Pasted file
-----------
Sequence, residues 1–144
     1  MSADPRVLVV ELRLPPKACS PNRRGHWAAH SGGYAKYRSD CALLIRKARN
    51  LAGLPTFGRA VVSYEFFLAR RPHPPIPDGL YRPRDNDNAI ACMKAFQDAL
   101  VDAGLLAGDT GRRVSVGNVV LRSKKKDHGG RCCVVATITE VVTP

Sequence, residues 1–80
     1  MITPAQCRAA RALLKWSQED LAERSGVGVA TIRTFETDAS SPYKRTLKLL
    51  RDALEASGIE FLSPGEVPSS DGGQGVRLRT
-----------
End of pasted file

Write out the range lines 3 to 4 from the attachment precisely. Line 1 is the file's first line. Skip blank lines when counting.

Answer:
    51  LAGLPTFGRA VVSYEFFLAR RPHPPIPDGL YRPRDNDNAI ACMKAFQDAL
   101  VDAGLLAGDT GRRVSVGNVV LRSKKKDHGG RCCVVATITE VVTP